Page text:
The Chicago Teachers Union filed an unfair labor practice lawsuit against Chicago Public Schools. The suit claims that CPS violated the current safety agreement by dropping the mask mandate. CTU members voted for an in-person work stoppage during the omicron surge earlier this year. The two parties reached a deal that included the mask mandate remaining in place for the entirety of the school year.
CPS announced that they would drop the current mask mandate beginning Monday, March 14. Students and staff will now have the option to go without a mask. CTU released a statement immediately following the announcement.
“The decision by Mayor Lori Lightfoot and her Chicago Public Schools team to unilaterally remove the mask mandate starting March 14, 2022, is a clear violation of our January 12, 2022, Memorandum of Agreement. Our union will immediately be filing an unfair labor practice (ULP) charge against the district in response and requesting that CPS bargain over this decision. This decision impacts nearly 400,000 students, educators, and school staffers in Chicago.”
CTU acknowledged that the numbers had improved but noted that vaccination rates in CPS buildings and schools are low. The union pointed out that schools on the West and Southside of Chicago have the lowest rates of vaccinations, putting those populations at greater risk.
CTU Vice President Stacy Davis-Gates said she hopes they can sit down and start talks to reach an agreement. “The duty to negotiate is not just a labor right—it is a health and safety right that all the humans need in this city,” stated Davis-Gates.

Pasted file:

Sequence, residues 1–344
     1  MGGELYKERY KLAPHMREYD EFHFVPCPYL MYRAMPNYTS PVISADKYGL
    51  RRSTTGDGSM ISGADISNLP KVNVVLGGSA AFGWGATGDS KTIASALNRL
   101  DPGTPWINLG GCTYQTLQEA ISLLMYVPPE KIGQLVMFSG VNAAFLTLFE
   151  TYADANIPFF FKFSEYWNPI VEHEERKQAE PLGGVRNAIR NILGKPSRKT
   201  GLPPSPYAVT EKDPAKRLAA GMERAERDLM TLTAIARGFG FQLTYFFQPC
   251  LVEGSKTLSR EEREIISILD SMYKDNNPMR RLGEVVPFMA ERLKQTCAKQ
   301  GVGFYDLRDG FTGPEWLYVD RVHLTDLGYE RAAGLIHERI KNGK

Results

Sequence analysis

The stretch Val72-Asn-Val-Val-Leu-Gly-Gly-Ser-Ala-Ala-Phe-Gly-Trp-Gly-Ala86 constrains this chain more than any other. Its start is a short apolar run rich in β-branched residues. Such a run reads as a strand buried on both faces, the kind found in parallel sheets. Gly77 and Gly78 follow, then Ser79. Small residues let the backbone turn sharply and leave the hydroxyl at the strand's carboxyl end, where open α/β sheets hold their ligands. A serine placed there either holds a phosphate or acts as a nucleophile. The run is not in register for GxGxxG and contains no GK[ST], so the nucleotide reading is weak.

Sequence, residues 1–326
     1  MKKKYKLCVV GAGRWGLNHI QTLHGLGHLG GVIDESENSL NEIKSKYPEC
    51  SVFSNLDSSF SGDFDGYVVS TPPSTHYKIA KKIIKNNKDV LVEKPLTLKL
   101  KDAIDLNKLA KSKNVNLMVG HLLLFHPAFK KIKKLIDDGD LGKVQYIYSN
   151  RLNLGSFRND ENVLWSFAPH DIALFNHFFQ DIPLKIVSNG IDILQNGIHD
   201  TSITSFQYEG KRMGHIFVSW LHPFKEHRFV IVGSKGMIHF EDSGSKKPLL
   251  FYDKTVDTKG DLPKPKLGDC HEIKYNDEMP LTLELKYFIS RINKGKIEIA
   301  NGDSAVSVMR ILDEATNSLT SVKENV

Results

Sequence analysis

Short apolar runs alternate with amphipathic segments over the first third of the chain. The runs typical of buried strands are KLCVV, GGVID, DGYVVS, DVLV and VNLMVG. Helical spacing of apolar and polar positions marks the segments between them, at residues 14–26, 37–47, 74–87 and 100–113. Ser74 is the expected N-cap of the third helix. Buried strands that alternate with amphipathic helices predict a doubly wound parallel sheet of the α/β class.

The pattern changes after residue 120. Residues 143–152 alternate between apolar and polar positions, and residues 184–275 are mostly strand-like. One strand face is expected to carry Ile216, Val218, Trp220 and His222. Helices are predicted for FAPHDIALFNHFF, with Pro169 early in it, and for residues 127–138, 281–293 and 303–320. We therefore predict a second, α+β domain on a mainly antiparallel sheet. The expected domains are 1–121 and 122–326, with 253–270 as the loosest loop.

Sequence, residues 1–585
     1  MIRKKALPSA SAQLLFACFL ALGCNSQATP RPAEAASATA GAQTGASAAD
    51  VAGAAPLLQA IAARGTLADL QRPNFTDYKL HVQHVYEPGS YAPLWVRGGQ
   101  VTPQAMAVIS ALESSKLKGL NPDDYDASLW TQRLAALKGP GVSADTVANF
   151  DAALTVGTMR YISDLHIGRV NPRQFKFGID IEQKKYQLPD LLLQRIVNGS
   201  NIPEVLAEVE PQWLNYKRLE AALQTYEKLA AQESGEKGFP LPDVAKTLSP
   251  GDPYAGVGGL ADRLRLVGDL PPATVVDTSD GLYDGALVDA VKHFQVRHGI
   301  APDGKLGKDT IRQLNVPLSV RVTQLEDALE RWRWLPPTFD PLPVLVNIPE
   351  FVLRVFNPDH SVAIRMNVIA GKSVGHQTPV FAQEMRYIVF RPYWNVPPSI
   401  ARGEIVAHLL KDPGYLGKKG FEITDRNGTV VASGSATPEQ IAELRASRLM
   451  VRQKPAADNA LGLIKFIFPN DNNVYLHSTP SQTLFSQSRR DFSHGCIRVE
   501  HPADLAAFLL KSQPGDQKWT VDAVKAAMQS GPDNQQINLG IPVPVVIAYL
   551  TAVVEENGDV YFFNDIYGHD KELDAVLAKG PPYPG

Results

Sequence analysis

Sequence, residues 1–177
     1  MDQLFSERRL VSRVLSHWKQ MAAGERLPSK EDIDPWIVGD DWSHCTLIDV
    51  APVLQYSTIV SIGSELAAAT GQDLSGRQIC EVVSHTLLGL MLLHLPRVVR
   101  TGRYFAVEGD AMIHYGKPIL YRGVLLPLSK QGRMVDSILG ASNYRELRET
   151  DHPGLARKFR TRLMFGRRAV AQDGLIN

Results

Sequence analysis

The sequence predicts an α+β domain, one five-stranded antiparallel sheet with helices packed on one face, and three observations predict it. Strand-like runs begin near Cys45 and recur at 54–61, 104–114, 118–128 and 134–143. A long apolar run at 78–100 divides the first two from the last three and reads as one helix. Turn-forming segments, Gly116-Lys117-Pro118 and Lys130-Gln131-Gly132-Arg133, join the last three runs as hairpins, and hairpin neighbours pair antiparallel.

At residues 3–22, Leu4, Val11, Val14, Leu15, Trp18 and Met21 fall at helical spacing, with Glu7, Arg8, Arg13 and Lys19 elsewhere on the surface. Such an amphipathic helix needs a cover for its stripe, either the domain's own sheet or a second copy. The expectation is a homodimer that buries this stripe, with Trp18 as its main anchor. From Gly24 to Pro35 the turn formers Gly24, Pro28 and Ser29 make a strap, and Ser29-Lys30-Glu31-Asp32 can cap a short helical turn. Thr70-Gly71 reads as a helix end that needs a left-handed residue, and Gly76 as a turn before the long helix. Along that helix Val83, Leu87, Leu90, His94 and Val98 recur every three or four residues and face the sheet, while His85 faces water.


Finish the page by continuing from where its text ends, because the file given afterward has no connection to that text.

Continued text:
Under the current safety agreement reached in January, the mask mandate was to stay in place until summer. This would allow more time for students aged 5-17 to receive the vaccine.
Less than half of all CPS students have received the vaccine, and children under age 5 are not yet eligible. Davis-Gates expressed concern for students and staff once the mandate is lifted, saying, “It is a fact that we have immunocompromised students and workers who are going to need more than just a ‘good luck’ from our mayor.”
Chicago Public Schools Chief Executive Officer Pedro Martinez spoke about his earlier discussions with the Chicago Teachers Union about dropping the mandate. “I don’t anticipate, you know, more serious consequences in terms of work stoppages,” he said, “But we will continue to work together because we have it in both our best interests to keep our community safe.”
Martinez and Chicago Department of Public Health Commissioner Dr. Allison Arwady noted the increasing number of student vaccination rates along with the recent decrease in positive COVID-19 cases as validation for lifting the mask mandate. Arwady expressed confidence in the direction the state is going, saying, “I remain very confident about where we are right now as a region, as a city, and as a state.”
Martinez said that the improved COVID-19 health statistics played a considerable role in dropping the current mask mandate. He went on to express concern about the sustainability of requiring masks in the future. Dr. Arwady, however, pointed out that CPS can reinstate the mask mandate in the event of another surge.
Paula J. Shelton is a freelance writer and journalist based in Chicago. Find her on social @beboldshineon.